The dangers of electroconvulsive therapy

 

See Dr. Breggin's new
ECT Resources Center
with more than 125 annotated scientific articles, glossary of searchable terms and a brochure for patients and families.

 

ECT (electroconvulsive treatment) damages the brain and mind. In many cases, it results in huge permanent gaps in memory for important life events, educational background, and professional skills. The individual may even lose his or her identity. Even when much less harm is done, individuals continue to suffer from ongoing cognitive difficulties with learning and remembering new things, and with unwanted changes in their personalities. Dr. Breggin has now created a free ECT Recourses Center that includes (1) a brochure for patients, families, and advocates, (2) introductory scientific articles that cover the field of ECT-induced harm to the brain and mind, and (3) more than 125 articles about ECT with search terms such as "brain damage," "memory loss," "women," and "abuse." The ECT Resources Center will help introduce newcomers to the field and provide research materials for advanced researchers as well.

 

The most detailed recent publication about the harm associated with ECT is found in a chapter in Dr. Breggin’s book, Brain-Disabling Treatments in Psychiatry: Drugs, Electroshock and the Psychopharmaceutical Complex, Second Edition (2008).

 

Dr. Breggin was the medical expert in the first and only electroshock malpractice suit won by the injured patient. He was also the expert in a recent malpractice suit against an ECT doctor that resulted in a settlement of more than $1 million.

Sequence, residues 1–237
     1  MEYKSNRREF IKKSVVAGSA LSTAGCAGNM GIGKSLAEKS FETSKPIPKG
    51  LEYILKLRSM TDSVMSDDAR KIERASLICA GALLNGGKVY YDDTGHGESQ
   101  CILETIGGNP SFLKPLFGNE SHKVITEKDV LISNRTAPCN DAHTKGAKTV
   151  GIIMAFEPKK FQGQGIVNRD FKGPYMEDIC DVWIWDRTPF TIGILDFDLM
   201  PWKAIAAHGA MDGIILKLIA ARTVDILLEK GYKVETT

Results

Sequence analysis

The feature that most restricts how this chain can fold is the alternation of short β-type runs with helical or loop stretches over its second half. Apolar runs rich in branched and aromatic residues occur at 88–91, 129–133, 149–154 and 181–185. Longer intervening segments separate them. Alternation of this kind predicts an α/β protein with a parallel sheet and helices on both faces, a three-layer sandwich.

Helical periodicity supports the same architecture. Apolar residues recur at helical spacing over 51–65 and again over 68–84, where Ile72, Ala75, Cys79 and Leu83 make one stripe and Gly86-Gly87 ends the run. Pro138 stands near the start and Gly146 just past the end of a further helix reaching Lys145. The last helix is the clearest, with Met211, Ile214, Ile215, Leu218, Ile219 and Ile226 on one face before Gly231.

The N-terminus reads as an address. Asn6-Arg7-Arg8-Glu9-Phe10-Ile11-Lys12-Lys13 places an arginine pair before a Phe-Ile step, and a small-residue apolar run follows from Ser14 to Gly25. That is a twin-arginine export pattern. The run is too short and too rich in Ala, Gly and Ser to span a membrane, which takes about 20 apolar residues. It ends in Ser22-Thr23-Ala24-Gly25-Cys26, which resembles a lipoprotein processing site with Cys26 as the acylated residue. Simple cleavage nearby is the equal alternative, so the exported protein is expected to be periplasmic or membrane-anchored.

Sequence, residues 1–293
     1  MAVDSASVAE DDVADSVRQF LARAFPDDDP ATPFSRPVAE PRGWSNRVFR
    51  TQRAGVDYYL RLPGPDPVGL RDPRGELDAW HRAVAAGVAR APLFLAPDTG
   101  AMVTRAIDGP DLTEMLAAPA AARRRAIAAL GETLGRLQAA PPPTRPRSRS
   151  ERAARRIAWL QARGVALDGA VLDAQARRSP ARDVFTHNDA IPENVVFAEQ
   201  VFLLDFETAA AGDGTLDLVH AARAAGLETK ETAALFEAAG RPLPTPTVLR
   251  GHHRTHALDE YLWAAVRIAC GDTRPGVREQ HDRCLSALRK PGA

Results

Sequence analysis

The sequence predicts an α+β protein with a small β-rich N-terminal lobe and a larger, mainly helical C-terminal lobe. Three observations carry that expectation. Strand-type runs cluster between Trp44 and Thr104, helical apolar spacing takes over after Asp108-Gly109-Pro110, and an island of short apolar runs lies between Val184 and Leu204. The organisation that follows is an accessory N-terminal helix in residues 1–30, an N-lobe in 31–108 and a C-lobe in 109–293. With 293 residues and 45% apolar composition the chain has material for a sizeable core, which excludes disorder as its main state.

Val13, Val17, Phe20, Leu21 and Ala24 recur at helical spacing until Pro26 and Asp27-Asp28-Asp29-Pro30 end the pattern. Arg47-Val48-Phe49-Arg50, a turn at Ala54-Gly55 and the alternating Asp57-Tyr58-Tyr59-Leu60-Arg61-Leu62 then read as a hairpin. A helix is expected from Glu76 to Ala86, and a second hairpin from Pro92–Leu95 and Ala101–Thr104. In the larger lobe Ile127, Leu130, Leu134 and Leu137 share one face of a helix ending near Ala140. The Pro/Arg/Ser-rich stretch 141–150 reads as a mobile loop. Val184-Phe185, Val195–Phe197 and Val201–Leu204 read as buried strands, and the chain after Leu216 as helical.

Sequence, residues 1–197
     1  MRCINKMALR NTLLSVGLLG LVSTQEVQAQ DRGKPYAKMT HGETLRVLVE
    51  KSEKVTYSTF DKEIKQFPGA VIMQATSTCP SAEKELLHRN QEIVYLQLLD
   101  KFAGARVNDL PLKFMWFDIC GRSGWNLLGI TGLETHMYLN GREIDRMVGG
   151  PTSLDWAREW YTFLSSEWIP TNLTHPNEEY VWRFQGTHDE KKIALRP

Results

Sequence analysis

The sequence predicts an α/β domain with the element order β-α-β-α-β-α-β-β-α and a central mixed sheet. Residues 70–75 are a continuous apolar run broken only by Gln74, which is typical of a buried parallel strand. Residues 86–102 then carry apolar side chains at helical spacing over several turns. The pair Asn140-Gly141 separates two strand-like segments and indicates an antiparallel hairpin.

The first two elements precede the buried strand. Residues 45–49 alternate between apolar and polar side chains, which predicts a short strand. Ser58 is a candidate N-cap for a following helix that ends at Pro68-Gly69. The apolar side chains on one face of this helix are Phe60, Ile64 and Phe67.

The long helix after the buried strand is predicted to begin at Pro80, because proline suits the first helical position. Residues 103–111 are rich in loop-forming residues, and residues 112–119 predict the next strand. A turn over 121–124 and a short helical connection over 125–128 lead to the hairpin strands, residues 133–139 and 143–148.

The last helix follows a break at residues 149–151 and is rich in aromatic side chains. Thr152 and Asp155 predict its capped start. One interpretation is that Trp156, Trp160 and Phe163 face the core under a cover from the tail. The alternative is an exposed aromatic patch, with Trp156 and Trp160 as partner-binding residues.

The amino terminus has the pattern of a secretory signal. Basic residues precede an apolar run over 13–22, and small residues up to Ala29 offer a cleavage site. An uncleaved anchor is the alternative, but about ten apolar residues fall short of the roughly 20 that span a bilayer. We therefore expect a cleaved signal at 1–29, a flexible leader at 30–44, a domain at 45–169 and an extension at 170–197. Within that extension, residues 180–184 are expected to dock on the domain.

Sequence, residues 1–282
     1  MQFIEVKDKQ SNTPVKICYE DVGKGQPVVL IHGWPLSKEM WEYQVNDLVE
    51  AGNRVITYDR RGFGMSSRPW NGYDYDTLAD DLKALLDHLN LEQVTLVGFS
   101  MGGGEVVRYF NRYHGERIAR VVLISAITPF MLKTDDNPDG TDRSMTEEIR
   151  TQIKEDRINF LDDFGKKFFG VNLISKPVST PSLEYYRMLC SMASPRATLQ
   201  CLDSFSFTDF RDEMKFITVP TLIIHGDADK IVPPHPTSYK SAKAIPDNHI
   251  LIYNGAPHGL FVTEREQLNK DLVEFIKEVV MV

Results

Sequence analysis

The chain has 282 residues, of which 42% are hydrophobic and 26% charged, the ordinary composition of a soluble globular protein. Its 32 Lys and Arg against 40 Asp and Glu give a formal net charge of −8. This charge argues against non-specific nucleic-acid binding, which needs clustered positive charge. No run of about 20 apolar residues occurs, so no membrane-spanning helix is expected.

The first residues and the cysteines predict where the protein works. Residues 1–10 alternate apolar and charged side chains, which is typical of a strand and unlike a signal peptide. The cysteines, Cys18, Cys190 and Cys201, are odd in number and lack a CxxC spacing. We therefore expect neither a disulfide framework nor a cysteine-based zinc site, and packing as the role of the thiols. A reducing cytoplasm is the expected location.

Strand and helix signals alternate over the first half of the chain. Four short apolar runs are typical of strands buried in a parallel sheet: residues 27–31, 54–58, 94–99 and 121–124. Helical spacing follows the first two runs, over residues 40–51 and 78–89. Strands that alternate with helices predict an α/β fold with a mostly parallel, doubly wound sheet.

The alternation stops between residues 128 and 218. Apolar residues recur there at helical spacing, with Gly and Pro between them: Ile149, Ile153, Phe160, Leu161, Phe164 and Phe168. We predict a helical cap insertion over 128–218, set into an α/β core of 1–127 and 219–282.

In 2007 a long-term follow-up study of ECT patients conducted by a team of shock-advocates lead by Harold Sackeim confirmed Dr. Breggin's observations that the "treatment" is devastating to the mental functions, frequently causing dementia with permanent disruption of memory and a variety of other cognitive functions.

The acronym ECT stands for "ElectroConvulsive Therapy" (also called EST, for ElectroShock Therapy)  a psychiatric treatment in which electricity is applied to the head and passed through the brain to produce a grand mal or major convulsion. The seizure brought about by the electric stimulus closely resembles, but is more rigorous or strenuous than that found in idiopathic epilepsy or in epilepsy following a wide variety of insults to the brain.
 
Patients given ECT are administered an electric current of sufficient intensity and duration to produce an acute organic brain syndrome, characterized by the classic symptoms of disorientation to time, place, and person; mental deterioration in all intellectual spheres such as abstract reasoning, judgment, and insight; emotional lability with extremes of apathy or euphoria; and overall childlike helplessness.

Animal studies show diffuse brain damage following ECT: the most common findings are petechial or pinpoint hemorrhages throughout the brain and surrounding blood vessels, as well as areas of gliosis and neuronal degeneration, with patches of cell death (ghost cells and neuronophagia).  Occasionally larger hemorrhages and edema of the brain are found. These findings are also seen on human autopsies performed on ECT patients. 
 

Electroshock treatment (ECT) was developed in 1938 at a time that lobotomy and insulin coma therapy were already in use. Pioneer advocates of ECT openly admitted that it caused irreversible brain damage. In 1979 Dr. Breggin published the first medical book critical of ECT, Electroshock: Its Brain-Disabling Effects (New York: Springer Publishing Company). Dr. Breggin has advocated the banning of ECT, but it continues to be used extensively in most psychiatric facilities. In 1985 Dr. Breggin presented as the scientific expert on the brain-damaging effects of the treatment at the NIH Consensus Development Conference on ECT.


The best source of up-to-date information on ECT memory loss and brain damage can be found in a chapter in Dr. Breggin’s book Brain-Disabling Treatments in Psychiatry (2008).


The following articles present some additional details and a historical perspective on the campaign against ECT.

 

 Articles on Electroshock Therapy (ECT) and its dangers by Dr. Breggin or about his work
 
 
 
The following books by Dr. Breggin provide further information on ECT 
 
 
 
Articles on ECT by other researchers (many cited in Dr. Breggin's books and articles)